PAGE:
Defiant Iran says it will continue ballistic missile tests
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Defiant Iran says it will continue ballistic missile tests

Tehran brushes off UN chief's call to halt launches, saying program is intended for defense and does not conflict with nuclear deal

Illustrative: A missile launched from the Alborz mountains in Iran on March 9, 2016, reportedly inscribed in Hebrew, 'Israel must be wiped out.' (Fars News)
Illustrative: A missile launched from the Alborz mountains in Iran on March 9, 2016, reportedly inscribed in Hebrew, 'Israel must be wiped out.' (Fars News)

Iran said Saturday it would continue its ballistic missile program after UN Secretary-General Ban Ki-Moon said the missile tests were not in the spirit of the country’s landmark nuclear deal with world powers.

In comments published on Iran’s foreign ministry website Saturday, spokesman Bahram Ghasemi said that “Iran will strongly continue its missile program based on its own defense and national security calculations.”

He said that Iran’s missile program was not linked to the nuclear deal and did not conflict with the UN Security Council resolution endorsing the agreement.

On Friday Tehran dismissed Ban’s report as biased and urged him to produce “a fair and realistic report.”

Reuters on Friday quoted an Iranian Foreign Ministry source as telling Iran’s semi-official Tasnim news agency that, “I suggest that Mr. Ban give a fair report … in which he also mentions America is not fulfilling its commitments under the deal.”

In his first six-monthly report to the UN Security Council on implementation of a resolution endorsing the landmark deal, Ban called on Iran to stop conducting ballistic missile launches. He said such actions could increase tensions in the Middle East.

But Ban’s report stopped short of saying the missile launches were a violation of the UN Security Council resolution.

File: United Nations Secretary-General Ban Ki-moon on March 14, 2016 at the United Nations in New York (AFP/Don Emmert)
File: United Nations Secretary-General Ban Ki-moon on March 14, 2016 at the United Nations in New York (AFP/Don Emmert)

The resolution “calls upon” Iran not to launch any ballistic missiles capable of delivering a nuclear weapon. But when several Iranian test-firings were raised in the Security Council in March, Russia said the launches did not violate the resolution because “a call” is not a demand.

Iran underlined in the report that it had never sought to acquire nuclear weapons and never would. It said the resolution does not prohibit legitimate and conventional military activities.

The resolution, which was adopted on July 20, 2015, authorized measures leading to the end of UN sanctions.

When the UN nuclear agency certified in mid-January that Iran had met all of its commitments under the nuclear deal, many Western economic sanctions that had been in place for years were lifted, unlocking access to $100 billion in frozen assets and unleashing new opportunities for the country’s battered economy. But Iran is still subject to a UN arms embargo and other restrictions, and the UN resolution includes a provision that would automatically reinstate sanctions if Tehran reneges on its promises.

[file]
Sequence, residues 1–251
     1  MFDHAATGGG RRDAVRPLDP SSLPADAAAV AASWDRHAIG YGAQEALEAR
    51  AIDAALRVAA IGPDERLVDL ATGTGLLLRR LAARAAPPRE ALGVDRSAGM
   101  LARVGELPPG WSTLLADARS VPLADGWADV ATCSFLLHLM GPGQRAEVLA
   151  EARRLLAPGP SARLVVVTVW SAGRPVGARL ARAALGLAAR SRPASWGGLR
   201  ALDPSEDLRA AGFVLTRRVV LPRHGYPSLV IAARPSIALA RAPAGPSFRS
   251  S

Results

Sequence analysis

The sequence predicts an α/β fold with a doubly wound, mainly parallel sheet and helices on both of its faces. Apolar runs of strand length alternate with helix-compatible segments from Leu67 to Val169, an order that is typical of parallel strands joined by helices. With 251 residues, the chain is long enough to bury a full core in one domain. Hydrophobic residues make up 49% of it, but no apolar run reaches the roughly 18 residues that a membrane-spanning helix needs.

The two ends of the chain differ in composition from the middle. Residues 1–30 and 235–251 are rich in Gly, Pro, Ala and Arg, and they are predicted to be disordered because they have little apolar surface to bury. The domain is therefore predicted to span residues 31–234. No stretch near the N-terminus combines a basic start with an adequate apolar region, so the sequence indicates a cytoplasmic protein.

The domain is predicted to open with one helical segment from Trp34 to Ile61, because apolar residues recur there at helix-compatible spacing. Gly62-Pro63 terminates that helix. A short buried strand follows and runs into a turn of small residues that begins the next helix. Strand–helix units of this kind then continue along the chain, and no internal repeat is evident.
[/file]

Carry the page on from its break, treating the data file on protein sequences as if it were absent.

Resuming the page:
The US, France, Britain and Germany called in March for the Security Council to discuss “appropriate responses” to Iran’s ballistic missile activity which they said were “destabilizing and provocative.”

But no action has been taken, and the divisions in the council on whether the ballistic missile launches violated the UN resolution make it unlikely that Iran will face new sanctions.

A Khalij Fars ballistic missile on a transporter during a military parade in Iran. (Iranian military/CC BY-SA 3.0/WikiMedia)
A Khalij Fars ballistic missile on a transporter during a military parade in Iran. (Iranian military/CC BY-SA 3.0/WikiMedia)

The secretary-general was clearly opposed to any further tests.

“While it is for the Security Council to interpret its own resolutions, I am concerned that those ballistic missile launches are not consistent with the constructive spirit demonstrated by the signing” of the Iran nuclear deal, Ban said. “I call upon Iran to refrain from conducting such ballistic missile launches since they have the potential to increase tensions in the region.”

 

 

Germany also said Friday it was closely watching Iran’s efforts to procure nuclear and missile technology, after German intelligence agencies reported dozens of attempts last year.

Germany’s domestic intelligence agency said last month that Iran’s nuclear procurement efforts in the country remained “at a quantitatively high level” in 2015 and attempts to acquire missile technology showed an “upward trend.”

A separate report by the domestic intelligence agency for North Rhine-Westphalia, published Monday, stated that counter-espionage officials had spotted 141 procurement attempts in the state last year — twice as many as in 2014.

German Foreign Ministry spokesman Martin Schaefer said Friday that the intelligence report made for “unpleasant” reading, but noted that it covered a period before the deal with Iran came into force on Jan. 16, 2016.

Schaefer said that Germany and its partners would work to ensure Iran abides by the agreement signed in Vienna last July.

“We are already talking to our partners in New York and elsewhere, and we won’t hesitate to discuss this with Tehran,” he said.

 

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